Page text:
Lawmakers battle over teacher evaluation rules

AUSTIN (KXAN) — Lawmakers are exploring ways to improve the way the state evaluates teachers on whether they are living up to certain standards.

Texas has a new policy where student performance on standardized testing will be linked to teacher assessments. An updated teacher evaluation evaluation system went I to effect in May.

The new system requires that school districts base 20 percent of teacher evaluations on student growth data that includes standardized test scores.

Teachers had some harsh words for lawmakers Wednesday during a hearing on public education at the state capitol. They were upset with a new state policy that links teacher evaluations to how students perform on standardized tests.

“It’s my least favorite part of the job, I hate it. I hate that,” said local school teacher Patty Hill, who was far from quiet in front of legislators. “My kids are being evaluated on some test that really doesn’t measure what they get out of my course.”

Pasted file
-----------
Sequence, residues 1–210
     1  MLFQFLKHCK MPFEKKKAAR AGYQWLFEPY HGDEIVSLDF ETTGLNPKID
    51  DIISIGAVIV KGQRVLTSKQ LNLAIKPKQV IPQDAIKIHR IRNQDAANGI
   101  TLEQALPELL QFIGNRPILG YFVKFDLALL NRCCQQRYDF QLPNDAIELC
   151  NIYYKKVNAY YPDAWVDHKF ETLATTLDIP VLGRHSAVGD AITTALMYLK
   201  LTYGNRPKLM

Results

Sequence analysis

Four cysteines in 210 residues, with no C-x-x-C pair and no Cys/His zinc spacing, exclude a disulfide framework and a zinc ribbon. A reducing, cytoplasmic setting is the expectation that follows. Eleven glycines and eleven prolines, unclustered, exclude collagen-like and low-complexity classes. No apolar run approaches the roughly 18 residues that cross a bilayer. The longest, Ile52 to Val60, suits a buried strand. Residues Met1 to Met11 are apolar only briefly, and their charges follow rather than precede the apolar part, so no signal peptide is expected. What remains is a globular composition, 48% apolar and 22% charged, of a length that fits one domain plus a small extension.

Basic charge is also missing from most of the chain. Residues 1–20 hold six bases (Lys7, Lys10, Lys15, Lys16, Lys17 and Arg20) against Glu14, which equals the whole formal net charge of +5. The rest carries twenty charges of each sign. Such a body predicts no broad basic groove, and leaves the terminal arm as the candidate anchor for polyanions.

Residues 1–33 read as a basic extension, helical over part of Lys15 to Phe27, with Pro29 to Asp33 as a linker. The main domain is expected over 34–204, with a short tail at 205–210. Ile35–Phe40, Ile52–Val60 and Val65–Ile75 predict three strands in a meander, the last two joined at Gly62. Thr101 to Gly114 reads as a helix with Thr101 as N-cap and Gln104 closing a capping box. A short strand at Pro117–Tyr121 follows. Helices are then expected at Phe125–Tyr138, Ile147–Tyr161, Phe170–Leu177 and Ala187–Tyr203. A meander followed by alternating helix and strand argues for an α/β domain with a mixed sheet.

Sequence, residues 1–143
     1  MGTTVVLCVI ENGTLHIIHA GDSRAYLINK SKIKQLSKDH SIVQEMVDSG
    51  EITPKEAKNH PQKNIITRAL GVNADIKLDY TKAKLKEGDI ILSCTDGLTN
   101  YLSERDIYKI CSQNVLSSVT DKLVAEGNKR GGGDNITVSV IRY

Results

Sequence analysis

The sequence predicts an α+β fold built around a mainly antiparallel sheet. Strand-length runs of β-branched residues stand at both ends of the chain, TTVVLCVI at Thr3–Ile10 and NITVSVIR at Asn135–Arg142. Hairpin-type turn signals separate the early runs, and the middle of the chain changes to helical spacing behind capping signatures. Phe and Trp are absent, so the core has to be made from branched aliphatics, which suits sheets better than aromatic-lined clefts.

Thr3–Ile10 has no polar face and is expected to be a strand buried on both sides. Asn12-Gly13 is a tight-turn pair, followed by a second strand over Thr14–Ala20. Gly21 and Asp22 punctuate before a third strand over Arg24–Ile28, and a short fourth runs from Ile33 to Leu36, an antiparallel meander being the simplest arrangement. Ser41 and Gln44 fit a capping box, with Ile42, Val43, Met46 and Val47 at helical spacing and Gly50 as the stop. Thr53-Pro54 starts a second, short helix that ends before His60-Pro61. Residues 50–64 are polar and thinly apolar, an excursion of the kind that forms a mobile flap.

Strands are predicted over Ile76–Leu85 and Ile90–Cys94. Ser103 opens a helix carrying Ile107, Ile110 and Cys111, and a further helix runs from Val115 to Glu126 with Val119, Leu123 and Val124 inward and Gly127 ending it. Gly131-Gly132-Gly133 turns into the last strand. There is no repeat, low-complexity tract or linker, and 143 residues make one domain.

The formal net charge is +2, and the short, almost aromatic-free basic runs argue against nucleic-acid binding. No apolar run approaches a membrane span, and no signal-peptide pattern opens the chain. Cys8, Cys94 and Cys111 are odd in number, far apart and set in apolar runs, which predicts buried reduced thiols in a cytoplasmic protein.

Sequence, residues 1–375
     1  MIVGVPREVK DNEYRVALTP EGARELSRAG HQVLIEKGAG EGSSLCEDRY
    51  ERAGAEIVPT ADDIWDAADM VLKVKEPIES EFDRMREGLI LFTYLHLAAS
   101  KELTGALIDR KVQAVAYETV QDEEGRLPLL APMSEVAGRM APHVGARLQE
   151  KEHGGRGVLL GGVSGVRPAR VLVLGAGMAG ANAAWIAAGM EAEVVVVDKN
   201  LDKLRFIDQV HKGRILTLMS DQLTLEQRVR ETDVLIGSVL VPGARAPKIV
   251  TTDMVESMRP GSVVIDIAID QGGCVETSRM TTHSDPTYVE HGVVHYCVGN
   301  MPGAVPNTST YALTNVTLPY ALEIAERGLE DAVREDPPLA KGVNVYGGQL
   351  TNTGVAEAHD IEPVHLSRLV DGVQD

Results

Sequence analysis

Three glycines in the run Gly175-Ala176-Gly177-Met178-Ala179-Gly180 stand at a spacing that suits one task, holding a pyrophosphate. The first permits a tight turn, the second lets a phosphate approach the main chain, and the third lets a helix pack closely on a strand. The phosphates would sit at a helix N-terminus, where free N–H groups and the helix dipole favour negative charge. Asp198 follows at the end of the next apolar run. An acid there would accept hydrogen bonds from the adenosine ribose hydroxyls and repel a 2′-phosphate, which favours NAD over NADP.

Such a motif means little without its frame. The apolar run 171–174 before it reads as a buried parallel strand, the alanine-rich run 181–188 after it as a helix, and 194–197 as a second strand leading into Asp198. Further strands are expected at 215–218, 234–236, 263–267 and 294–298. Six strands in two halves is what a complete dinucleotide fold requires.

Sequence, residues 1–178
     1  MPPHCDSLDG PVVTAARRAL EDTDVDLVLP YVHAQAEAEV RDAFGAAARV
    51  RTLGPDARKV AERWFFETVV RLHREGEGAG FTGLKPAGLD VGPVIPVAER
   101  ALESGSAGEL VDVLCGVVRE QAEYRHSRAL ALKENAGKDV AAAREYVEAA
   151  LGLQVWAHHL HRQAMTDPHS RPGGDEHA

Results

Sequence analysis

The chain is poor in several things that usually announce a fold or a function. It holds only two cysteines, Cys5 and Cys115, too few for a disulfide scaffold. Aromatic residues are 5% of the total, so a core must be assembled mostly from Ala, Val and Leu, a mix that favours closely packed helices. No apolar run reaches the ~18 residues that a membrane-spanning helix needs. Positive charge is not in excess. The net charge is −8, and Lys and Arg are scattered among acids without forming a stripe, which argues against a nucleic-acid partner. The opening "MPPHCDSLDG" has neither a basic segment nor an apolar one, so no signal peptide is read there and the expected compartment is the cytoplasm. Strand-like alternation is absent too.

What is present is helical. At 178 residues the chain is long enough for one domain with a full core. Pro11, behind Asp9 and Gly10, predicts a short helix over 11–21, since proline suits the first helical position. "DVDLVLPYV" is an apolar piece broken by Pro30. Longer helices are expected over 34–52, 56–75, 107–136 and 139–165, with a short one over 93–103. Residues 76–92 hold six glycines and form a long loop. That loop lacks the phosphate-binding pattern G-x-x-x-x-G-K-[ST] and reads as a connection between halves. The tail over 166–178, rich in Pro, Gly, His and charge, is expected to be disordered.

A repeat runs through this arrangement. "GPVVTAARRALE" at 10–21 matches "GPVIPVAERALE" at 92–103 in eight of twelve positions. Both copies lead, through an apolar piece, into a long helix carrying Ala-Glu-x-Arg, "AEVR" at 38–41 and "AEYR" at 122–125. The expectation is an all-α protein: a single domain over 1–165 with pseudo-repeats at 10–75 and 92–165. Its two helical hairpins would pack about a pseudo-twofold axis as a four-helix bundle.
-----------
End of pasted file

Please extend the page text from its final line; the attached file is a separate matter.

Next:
Hill teaches algebra to students at Kealing Middle School and says there’s a flaw in the current system in which teachers are evaluated. “Primarily because if you read it on the surface, I’d get a horrible review based on the current standards.”

And while she’s all for change, Hill says basing teacher evaluations on how well a student does on a standardized test isn’t accurate.

A teacher for more than 16 years, Hill now puts her lessons online. It’s called a flipped classroom which allows students to be more involved inside the classroom and read the lectures after school. She says that method more accurately reflects a student’s growth rather than a high pressure test.

“I think we need a different system because we really need to get to the heart of student learning and I don’t know that the current one does that.”

Right now some lawmakers seem to agree and may tackle the issue next legislative session.

The Association of Texas Professional Educators released a statement about it saying, “We flatly reject any notion of a dual system that would only use test scores to evaluate teachers in core subjects.”

More than 60 school districts in Texas will use the new appraisal system this fall in a pilot program. Just a few of them are in Central Texas. Lake Travis and Pflugerville ISD’s are the largest area districts in the pilot. Wimberley, Elgin, and Fayetteville ISD’s will also test the new teacher appraisals.

The new system will be available to all school districts for the 2015-2016 school year.

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